What's a Managed Service Anyway?

In the IT service world over the past 10 years, a buzzword has emerged:  “Managed Services”.  It really is the best way to do outsourced IT in my opinion.  Unfortunately, this term has been bastardized, overused, and no longer carries the weight it should.

So, what does it really mean and why should I care?

Managed services, by my definition, is really about responsibility, ownership, and alignment of interests.  At it’s core is intrinsic motivation, a magical force that happens when you give someone a purpose that is not primarily based on external rewards.  There’s a facsinating TED talk on this by Daniel Pink, I highly recommend spending the 20 minutes.  To understand the value in the IT world, let’s have a look a the big three challenges facing IT service providers and their clients:


When I first worked as a tech, I billed my time hourly, I would deal daily with the conundrum of putting a band-aid on something vs really digging into a lasting solution.  On one side I had my own interest, billable hours = $$$, and honestly I wanted to do a good job, the best job I could.  On the other side I had the client, who wanted something fixed, for as little $$$ as possible.  This was a frustrating place to be in, and it didn’t foster the greatest relationships.  Not to mention, they were in a frustrating spot when I was called to help, so I’m seen as an opportunist, profiting from their misfortunes.  Which leads to my next point…

Conflict of Interest

When my client is down, I make money.  When my client is up, I don’t make money.  This is just so obviously a negative relationship, not much more to say that isn’t already self evident here.


Client:“Hey IT I lost a file, can you restore it from backup”  

IT: "Sure I’ll get right on that”(checks backup, finds it hasn’t been running correctly)

IT: "Backup hasn’t run in two weeks, I can’t restore your file”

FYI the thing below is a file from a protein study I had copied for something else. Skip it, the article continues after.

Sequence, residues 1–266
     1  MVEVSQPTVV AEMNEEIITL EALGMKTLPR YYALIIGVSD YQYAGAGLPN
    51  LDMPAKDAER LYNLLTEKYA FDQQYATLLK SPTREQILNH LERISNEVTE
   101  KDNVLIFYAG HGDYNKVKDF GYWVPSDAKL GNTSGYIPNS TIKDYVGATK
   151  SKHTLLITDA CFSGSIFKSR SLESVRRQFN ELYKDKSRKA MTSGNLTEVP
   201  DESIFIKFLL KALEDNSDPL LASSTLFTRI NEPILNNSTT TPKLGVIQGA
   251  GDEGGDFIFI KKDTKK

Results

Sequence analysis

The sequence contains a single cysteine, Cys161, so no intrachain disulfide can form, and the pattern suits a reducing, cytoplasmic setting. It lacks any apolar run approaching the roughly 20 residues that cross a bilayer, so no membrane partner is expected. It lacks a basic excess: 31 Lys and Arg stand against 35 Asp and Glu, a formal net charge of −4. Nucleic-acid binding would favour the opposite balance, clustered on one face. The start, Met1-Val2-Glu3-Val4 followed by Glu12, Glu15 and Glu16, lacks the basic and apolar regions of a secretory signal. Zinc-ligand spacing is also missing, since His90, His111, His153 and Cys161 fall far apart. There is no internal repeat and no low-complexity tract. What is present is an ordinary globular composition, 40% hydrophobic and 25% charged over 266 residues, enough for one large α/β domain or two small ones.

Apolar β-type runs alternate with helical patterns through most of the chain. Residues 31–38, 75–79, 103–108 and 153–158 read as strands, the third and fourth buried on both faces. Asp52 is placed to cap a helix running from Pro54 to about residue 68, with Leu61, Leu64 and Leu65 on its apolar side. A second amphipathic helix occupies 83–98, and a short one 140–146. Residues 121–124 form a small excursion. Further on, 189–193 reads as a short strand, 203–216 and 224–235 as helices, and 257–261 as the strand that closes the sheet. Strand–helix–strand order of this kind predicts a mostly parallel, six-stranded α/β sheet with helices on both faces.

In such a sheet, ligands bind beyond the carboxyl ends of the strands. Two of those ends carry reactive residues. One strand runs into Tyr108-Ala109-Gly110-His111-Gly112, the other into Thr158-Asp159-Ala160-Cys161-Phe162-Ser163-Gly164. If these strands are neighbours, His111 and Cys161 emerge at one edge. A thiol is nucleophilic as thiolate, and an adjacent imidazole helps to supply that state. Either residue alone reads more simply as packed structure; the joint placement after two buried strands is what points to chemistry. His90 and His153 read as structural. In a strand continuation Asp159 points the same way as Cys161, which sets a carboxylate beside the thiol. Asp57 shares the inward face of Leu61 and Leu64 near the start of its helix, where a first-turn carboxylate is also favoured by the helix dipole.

Client: "How did this happen, why didn’t you fix it when it stopped working?

IT: "I’m sorry, I didn’t know. You never asked me to check on it, you only call me when you need something fixed.”

A security service such as antivirus or backup is only as effective as it is maintained.  If nobody is responsible for watching it (“monitoring”), and then responding to any problems that arise, then you might as well not even run the software.  

True Managed Services

The answers to these three challenges are plain, but they require commitment and professionalism from both sides, and some risk.  In the right relationship, the IT provider is taking risk away from the client.  In the old model with the challenges listed above, the client is retaining all of that risk.

The Ownership challenge is solved bya flat rate for unlimited support.  This can be scary to commit to if you’re an IT provider, but it can be done with the right agreement and definition of scope and requirements.  Techs are now driven by a motivation to do their best work (intrinsic), to make their job easier and the client’s life better.  Though there will always be things to fix, techs can focus more than before on that second point (Responsibility) …

The Responsibility challenge is solved by a collection of IT Management/security services (like backups) that are licensed, implemented, managed, monitored, maintained and supported by IT.   This is proactive preventitive work and a better use of everyone’s time/money and attention.

And finally, the Conflict of Interest challenge is solved by the flat rate approach as well.  The interests of both IT and the client are aligned.  The common goal is uptime, and life is better for everyone involved when working towards a common goal.

And last but certainly not least, this True Managed Services approach to IT operations allows IT to mature from a break-fix mentatility and expense line item to a resource being leveraged for a competitive advantage.  The Managed model is a foundation of a sound IT strategy.  A Strategic approach to IT is key to who we are at Proactis, and always the best place to start the IT conversation (you can read about that here).